LREL 2065 Introduction to Islam
Faculty TBA
Monday and Wednesday 1:50 – 3:30 PM

This course provides an introduction to the key texts, beliefs and practices of the religion of Islam. The course begins with an examination of the rise of Islam, the life of its Prophet and the early appearance of the main sectarian divisions. Topics explored will include the nature and history of the Qurán and the Hadith, particular aspects of Islamic practice and belief, as well as religious law, theology, philosophy, Sufism, literature, and art and architecture from the earliest period to the present. Students will also explore major developments in the political, social and cultural history of the Muslim world from its origins in seventh century Arabia to rise of the nation-state in the twentieth century, especially its expansion into South and Southeast Asia and sub-Saharan Africa. (4 credits) CRN 6990

UENV 2000 Environment and Society
Timon McPhearson
Tuesday and Thursday 1:50 – 3:30 PM

The state of the air, water, and soil climate change, habitat conversion, invasive species, biodiversity decline, deforestation, overfishing, and many other environmental issues are at the core of most of our pressing economic, social, political and human health concerns. This course examines the roots of the modern environmental crisis, reviewing the most current environmental issues and the underlying science for a critical look at how societies have interacted with the natural environment past and present and requirements for a sustainable future. The course consists of small group discussions, readings and case studies. (4 credits) CRN 6038

LCST 2120 Introduction to Cultural Studies
Jasmine Rault
Tuesday and Thursday 8:30 – 9:45 AM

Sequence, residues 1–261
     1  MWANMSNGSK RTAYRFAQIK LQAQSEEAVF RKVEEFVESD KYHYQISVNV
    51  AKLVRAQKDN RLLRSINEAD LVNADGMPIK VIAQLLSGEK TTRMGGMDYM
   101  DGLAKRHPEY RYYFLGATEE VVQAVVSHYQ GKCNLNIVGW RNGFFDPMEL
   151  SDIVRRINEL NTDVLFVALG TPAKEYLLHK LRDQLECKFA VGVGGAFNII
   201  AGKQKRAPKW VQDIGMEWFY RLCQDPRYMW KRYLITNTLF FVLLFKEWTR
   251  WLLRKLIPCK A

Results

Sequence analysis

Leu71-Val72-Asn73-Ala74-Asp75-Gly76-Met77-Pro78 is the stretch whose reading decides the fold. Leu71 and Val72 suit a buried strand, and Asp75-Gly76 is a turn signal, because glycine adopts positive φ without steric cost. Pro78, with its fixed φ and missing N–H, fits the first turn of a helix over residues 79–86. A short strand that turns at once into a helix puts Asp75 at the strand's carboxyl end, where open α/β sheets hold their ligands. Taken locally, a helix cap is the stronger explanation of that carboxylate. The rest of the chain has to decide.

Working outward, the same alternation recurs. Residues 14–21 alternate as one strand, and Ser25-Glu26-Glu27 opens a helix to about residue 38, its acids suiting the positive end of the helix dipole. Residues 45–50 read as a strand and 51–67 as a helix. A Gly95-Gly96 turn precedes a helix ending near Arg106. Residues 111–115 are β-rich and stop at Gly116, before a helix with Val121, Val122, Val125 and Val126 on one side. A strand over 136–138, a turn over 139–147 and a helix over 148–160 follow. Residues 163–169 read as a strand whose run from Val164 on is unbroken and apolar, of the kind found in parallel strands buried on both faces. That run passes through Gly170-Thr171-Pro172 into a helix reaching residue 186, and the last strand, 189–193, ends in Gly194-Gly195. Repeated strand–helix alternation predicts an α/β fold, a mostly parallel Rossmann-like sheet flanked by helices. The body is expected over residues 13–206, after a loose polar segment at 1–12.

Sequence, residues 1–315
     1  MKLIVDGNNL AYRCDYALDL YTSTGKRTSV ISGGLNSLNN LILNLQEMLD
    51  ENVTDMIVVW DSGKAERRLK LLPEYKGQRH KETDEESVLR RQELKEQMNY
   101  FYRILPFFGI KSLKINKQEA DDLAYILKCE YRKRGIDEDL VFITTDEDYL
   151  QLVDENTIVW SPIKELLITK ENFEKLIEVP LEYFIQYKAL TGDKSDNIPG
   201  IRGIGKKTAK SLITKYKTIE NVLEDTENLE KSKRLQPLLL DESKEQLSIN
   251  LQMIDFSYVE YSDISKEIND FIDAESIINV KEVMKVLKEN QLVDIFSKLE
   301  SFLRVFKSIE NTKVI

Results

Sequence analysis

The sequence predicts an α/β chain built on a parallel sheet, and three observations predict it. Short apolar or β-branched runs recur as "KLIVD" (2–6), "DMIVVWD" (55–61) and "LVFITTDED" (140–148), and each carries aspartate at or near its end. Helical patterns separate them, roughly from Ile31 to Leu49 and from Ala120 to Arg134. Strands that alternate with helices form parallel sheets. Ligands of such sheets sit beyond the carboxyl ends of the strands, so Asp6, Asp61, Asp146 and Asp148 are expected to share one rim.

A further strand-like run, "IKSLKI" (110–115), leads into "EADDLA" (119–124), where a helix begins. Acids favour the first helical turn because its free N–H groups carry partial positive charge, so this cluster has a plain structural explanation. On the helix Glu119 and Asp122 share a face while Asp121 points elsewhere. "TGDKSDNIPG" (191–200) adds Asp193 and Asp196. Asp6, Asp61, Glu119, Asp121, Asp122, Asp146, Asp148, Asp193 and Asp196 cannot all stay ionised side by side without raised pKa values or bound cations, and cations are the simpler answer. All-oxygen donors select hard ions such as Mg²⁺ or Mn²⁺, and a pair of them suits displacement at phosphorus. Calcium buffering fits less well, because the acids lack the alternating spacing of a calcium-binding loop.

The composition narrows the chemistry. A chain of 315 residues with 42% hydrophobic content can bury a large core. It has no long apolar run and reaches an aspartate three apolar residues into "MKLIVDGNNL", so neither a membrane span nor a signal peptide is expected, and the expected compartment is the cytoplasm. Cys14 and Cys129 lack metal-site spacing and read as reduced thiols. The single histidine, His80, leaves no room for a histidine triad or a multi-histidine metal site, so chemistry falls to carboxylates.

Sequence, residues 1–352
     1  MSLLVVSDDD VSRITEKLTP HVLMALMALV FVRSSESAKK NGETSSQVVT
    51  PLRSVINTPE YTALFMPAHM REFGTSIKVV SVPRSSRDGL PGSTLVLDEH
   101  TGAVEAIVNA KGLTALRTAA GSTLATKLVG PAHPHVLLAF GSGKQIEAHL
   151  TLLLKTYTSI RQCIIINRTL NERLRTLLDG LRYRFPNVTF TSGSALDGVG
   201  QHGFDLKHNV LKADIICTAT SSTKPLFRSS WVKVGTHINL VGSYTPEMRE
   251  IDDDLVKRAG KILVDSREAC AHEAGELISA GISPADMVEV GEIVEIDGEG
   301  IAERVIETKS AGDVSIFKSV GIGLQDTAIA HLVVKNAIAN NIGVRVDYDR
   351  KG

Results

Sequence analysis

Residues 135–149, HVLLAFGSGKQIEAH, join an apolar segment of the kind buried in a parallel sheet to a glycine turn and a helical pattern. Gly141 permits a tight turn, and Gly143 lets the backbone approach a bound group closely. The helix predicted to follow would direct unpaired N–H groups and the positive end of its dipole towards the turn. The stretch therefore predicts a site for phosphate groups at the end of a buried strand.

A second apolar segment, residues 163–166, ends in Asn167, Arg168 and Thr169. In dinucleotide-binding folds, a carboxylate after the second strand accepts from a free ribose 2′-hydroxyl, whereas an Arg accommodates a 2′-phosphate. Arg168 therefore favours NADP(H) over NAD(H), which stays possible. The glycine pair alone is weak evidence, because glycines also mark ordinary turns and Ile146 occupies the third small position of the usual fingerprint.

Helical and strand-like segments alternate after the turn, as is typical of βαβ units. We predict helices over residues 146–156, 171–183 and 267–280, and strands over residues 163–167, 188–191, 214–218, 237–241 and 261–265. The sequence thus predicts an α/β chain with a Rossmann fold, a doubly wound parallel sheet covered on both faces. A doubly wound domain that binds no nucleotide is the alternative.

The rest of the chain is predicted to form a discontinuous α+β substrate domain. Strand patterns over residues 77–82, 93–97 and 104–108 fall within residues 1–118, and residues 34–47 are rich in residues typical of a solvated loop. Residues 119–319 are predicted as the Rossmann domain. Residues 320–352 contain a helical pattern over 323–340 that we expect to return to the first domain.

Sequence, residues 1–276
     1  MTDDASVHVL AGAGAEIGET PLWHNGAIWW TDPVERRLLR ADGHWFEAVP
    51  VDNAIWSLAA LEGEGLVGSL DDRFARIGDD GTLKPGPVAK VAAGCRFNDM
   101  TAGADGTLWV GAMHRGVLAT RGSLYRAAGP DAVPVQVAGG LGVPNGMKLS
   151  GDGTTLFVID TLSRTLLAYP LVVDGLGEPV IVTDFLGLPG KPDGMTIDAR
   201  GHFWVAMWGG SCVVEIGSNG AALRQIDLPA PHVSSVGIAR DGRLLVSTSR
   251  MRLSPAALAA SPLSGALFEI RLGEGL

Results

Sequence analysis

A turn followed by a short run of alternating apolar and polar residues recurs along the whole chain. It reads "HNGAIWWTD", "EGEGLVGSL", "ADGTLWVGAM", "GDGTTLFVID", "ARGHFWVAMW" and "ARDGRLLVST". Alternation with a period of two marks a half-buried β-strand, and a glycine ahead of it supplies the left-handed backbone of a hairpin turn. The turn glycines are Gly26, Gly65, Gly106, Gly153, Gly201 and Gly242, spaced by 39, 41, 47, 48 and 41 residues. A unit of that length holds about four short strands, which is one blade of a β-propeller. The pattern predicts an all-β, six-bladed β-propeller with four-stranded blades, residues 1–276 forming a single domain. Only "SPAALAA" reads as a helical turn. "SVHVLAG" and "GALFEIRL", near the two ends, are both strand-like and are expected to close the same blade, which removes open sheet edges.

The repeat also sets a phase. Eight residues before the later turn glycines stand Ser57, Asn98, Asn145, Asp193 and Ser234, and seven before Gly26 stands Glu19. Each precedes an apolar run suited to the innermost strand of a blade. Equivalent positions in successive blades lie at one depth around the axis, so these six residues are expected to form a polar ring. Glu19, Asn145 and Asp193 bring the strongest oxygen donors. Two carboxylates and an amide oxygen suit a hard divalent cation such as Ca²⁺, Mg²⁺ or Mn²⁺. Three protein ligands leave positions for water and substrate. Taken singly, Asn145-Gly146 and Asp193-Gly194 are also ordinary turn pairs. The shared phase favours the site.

This course examines the pivotal role of culture in the modern world, including the ideas, values, artifacts, and practices of people in their collective lives. Cultural Studies focuses on the importance of studying the material processes through which culture is constructed. It highlights process over product and rupture over continuity. In particular, it presents culture as a dynamic arena of social struggle and utopian possibility. Students read key thinkers and examine critical frameworks from a historical and a theoretical approach, such as Raymond Williams, Stuart Hall and the Birmingham School; the work on popular culture, identity politics, and postmodernism in America; and the emergence of a ‘global cultural studies’ in which transnational cultural flows are examined and assessed. Class sessions are set up as dialogic encounters between cultural theory and concrete analysis. (3 credits) CRN 4507

LCST 2450 Introduction to Media Studies
Cathleen Eichhorn
Tuesday and Thursday 10:15 – 11:30 AM

This course introduces the student to basic concepts and approaches in the critical analysis of communications media. Drawing on contemporary critiques and historical studies, it seeks to build an understanding of different forms of media, such as photography and cinema, television and video, the internet and hypermedia, in order to assess their role and impact in society. Since media are at once technology, art and entertainment, and business enterprises, they need to be studied from a variety of disciplinary perspectives. The readings for the course reflect this multi-pronged approach and draw attention to the work of key thinkers and theorists in the field. Moreover, the readings build awareness of the international dimensions of media activity, range, and power. (3 credits) CRN 1712

NCOM 3000 Introduction to Media Studies
Melissa Friedling
Tuesday 6:00 – 7:50 PM

Students explore media history and the basic concepts employed in media analysis, spanning the history of technologies from the magic lantern to multimedia and stressing the relationship between media and their social, political, and economic contexts. Since media are at once technology, art, entertainment, and business enterprises, they need to be studied from a variety of disciplinary perspectives. The readings for this course reflect this multifaceted approach and draw attention to the work of key thinkers and theorists in the field. Examples are drawn primarily from the visual media of commercial film, television, advertising, video, and the Internet, although alternative media practices are also noted. Students gain an understanding of how media texts are constructed, how they convey meaning, and how they shape one another in significant ways. (3 credits) CRN 1517